——————

Mike Foster of POTSC says this: “Being brave with your story gives others the courage to be brave with theirs.”

Anne Jackson puts it this way: “By going first, you give others a gift. The gift of going second.” Meaning someone has to be brave, be courageous, share the uncomfortable–because you never know who you’re going to encourage by doing so.

Will you be brave today, give someone the gift of going second? You don’t have to share here, but please do find somewhere to share. You’re not alone.

Friends, we have have recently been through some deep waters together. I had a purpose in sharing those stories with you; it wasn’t to shock you, wound you, or crush your spirits.

It wasn’t even to evoke sympathy. No, I simply wanted you to share in my journey; in order to do that I needed to authentically represent the things that happened. After what you’ve done for me, I owed you that much. It was because of you that I got to go to bootcamp. So it is as much your story as it is mine.

I could have broken down each session, given you what I heard, and learned, but I wanted you to partake instead in my internal journey. Each of the stories I shared last week represents a stage in the process Jesus led me through during bootcamp. Like an onion, He gently, lovingly peeled away the layers.

Showed me where I’d been hurt the deepest, wounded the most.
But allow me to back up a little bit first. Going into it, I had an idea, a dream of healing, but I was frightened. The only thing I clung to heading up to Colorado was tale of the woman with the issue of blood. Like her, I told myself if I could but touch the hem of Jesus’ garment, I would be healed.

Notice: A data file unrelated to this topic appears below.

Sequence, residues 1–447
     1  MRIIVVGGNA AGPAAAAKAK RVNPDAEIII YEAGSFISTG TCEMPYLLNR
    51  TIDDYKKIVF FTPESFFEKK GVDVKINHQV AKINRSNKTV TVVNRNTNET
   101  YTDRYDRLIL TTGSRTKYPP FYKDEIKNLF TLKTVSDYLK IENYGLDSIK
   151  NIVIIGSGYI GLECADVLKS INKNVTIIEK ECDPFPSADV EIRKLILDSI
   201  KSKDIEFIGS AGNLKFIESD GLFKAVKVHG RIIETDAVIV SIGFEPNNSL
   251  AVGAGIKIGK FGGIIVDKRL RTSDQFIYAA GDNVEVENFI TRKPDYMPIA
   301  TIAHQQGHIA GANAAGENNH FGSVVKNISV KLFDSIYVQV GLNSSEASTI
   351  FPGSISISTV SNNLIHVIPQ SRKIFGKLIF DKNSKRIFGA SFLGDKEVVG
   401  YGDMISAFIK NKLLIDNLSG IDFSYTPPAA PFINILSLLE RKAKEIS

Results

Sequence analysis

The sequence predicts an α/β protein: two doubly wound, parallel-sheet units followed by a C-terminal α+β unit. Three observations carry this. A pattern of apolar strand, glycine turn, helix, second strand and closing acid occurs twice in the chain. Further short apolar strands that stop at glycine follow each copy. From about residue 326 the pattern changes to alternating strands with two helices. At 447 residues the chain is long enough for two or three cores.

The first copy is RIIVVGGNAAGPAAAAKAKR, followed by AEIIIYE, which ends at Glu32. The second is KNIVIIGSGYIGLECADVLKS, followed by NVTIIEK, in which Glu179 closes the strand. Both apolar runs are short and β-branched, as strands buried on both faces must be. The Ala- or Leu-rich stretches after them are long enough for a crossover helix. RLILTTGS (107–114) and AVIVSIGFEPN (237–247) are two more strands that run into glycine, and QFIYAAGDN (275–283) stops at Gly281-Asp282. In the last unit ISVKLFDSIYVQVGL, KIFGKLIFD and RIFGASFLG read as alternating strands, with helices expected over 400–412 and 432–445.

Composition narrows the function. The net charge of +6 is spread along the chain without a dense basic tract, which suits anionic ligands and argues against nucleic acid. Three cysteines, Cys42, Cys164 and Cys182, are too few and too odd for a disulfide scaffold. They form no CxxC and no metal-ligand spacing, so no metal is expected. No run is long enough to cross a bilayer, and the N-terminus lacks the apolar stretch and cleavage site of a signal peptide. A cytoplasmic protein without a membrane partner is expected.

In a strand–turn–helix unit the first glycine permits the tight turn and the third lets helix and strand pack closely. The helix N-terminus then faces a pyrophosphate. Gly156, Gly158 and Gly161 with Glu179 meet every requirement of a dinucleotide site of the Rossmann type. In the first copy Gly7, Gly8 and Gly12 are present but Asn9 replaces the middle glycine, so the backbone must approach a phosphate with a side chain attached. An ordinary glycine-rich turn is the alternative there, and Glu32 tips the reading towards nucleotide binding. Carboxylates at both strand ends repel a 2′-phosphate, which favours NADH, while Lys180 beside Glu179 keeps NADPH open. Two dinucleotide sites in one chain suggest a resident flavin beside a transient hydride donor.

Never did I expect Him to reach down, and touch me the way He did.

But He did, friends–O! how He did. The weekend began with John Eldredge repeating two refrains:

“You have a heart, and it matters, ” and “You were born into a world at war.”

As a man, and this is not meant as a reproach, merely an observation, I can’t recall the last time I heard either at church.

From there, John and the team laid the foundation that my heart–every man and woman’s heart, really–has been wounded in that war. In the process of uncovering those wounds, I was forced to confront the “Poser,” or the false self, I’d constructed to hide the wounded boy within. What were my fig leafs, and why didn’t I want to be known?

That is a deeply personal journey for each one of us. Suffice it to say, God was faithful to show up, blow down my house of cards. The truth came diamond-hard, and slug-ugly (God the diamond, and I the slug). And I got something from each and every session. Where before I lived with rejection, He gave me a new name:

Loved and Accepted.

As surely as the sun rises in the east, and sets in the west, He spoke that to my heart. But He wasn’t done with me yet. He wanted me to know that I was “loved and accepted” before He dove deep in my heart to wound me to the depths of my soul.

What do I mean?